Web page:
September 25, 2012
by Canadian Architect
Nuit Blanche was originally conceived in Paris, France in 2002, in an attempt to bring contemporary art to the masses in public spaces. Now universally translated as “Sleepless Night,” Nuit Blanche brings more than a million people to the streets of Paris every year. In 2005, Paris organizers contacted the City of Toronto’s Special Events office with an invitation to join the ranks of approximately six other European cities producing similar all-night events. The international success of Nuit Blanche continues to build each year and has expanded its reach beyond Paris to more than 25 cities across the globe – each offering its own version of the all-night art extravaganza.
Toronto was the first North American city to fully replicate the Paris model, and has inspired similar celebrations throughout North America, including San Francisco, New York, Miami and Chicago.
At its core, Nuit Blanche is a 12-hour event with a mandate to make contemporary art accessible to large audiences, while inspiring dialogue and engaging the public to examine its significance and impact on public space. Nuit Blanche is both a “high art” event and a free populous event that encourages celebration and community engagement. From sunset to sunrise, city spaces and neighbourhoods are transformed into temporary exhibitions. Unusual or forbidden spaces become sites of contemporary art open for all-night discovery and rediscovery. Cultural institutions, from museums to galleries to artist-run centres, open their doors and offer free access to contemporary art. The everyday is suspended as the city’s landscape is changed to welcome a variety of artistic experiences.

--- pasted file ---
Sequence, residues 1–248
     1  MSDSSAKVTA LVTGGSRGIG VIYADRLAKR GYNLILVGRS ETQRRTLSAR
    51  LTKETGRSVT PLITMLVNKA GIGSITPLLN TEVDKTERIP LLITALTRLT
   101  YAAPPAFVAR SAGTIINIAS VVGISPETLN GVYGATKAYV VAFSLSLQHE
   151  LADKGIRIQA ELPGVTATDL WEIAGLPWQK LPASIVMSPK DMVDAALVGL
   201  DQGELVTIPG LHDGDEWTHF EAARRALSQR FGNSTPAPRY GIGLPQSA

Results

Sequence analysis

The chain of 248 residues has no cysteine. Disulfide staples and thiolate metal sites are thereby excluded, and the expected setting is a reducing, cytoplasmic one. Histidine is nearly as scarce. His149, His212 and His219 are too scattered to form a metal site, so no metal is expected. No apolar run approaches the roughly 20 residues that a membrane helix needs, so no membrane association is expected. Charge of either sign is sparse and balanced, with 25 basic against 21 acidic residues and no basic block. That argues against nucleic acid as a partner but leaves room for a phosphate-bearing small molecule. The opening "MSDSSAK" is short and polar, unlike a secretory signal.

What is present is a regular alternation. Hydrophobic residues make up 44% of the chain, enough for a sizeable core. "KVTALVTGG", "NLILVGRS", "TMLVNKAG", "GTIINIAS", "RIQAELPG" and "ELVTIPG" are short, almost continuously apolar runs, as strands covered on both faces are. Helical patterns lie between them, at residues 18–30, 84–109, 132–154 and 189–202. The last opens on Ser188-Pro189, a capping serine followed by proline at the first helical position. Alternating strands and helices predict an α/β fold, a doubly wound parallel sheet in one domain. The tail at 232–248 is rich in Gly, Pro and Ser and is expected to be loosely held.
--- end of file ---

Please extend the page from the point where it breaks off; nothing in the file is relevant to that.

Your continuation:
Toronto’s Scotiabank Nuit Blanche has wholeheartedly embraced these principles, and has become a cultural phenomenon the likes of which the city has never seen. This year’s event begins on Saturday, September 29, 2012 at 7:03pm, and continues all night long until sunrise.
Discover more than 150 contemporary art projects within three zones. Some works encourage an intimate encounter with art, while others will wow you with large-scale spectacle. As a centrepiece to the event, the City of Toronto has produced a special exhibition of 14 projects in and below Toronto City Hall and Nathan Phillips Square. Curated by Janine Marchessault and Michael Prokopow, Museum for the End of the World will engage the audience with questions of catastrophe, collecting and catharsis.
Under the direction of five curators, 58 temporary public art projects by local, national and international artists have been commissioned by the City of Toronto. Three of the curated exhibitions include open call projects which encourage involvement by a wide range of Toronto artists – established and emerging.
Additionally, there is a wide selection of independent projects produced by the arts community on offer. Toronto artists, cultural and educational institutions, museums, galleries and neighbourhoods participate in Scotiabank Nuit Blanche each year by producing one-of-a-kind projects that transform the city.
Once again, the projects are divided into three zones – A, B and C, and each zone has a central information centre to help you as you make your way through the central core of the city.
Of particular note, the Ontario Association of Architects (OAA) will transform the trade floor at the Design Exchange into a theatre for architects to present their collective vision for the future. By asking the industry to imagine the landscape of tomorrow, the OAA has created an extraordinary collaborative outlook on both the challenges and solutions we will face in the immediate future. To experience more of the future of architecture, visit the Design Exchange at 234 Bay Street (between King and Wellington Streets) in downtown Toronto from 7:00pm to 7:00am during Scotiabank Nuit Blanche.
For further information and details, including an interactive event map, please visit the Scotiabank Nuit Blanche website at www.scotiabanknuitblanche.ca.
scotiabank nuit blanche 2012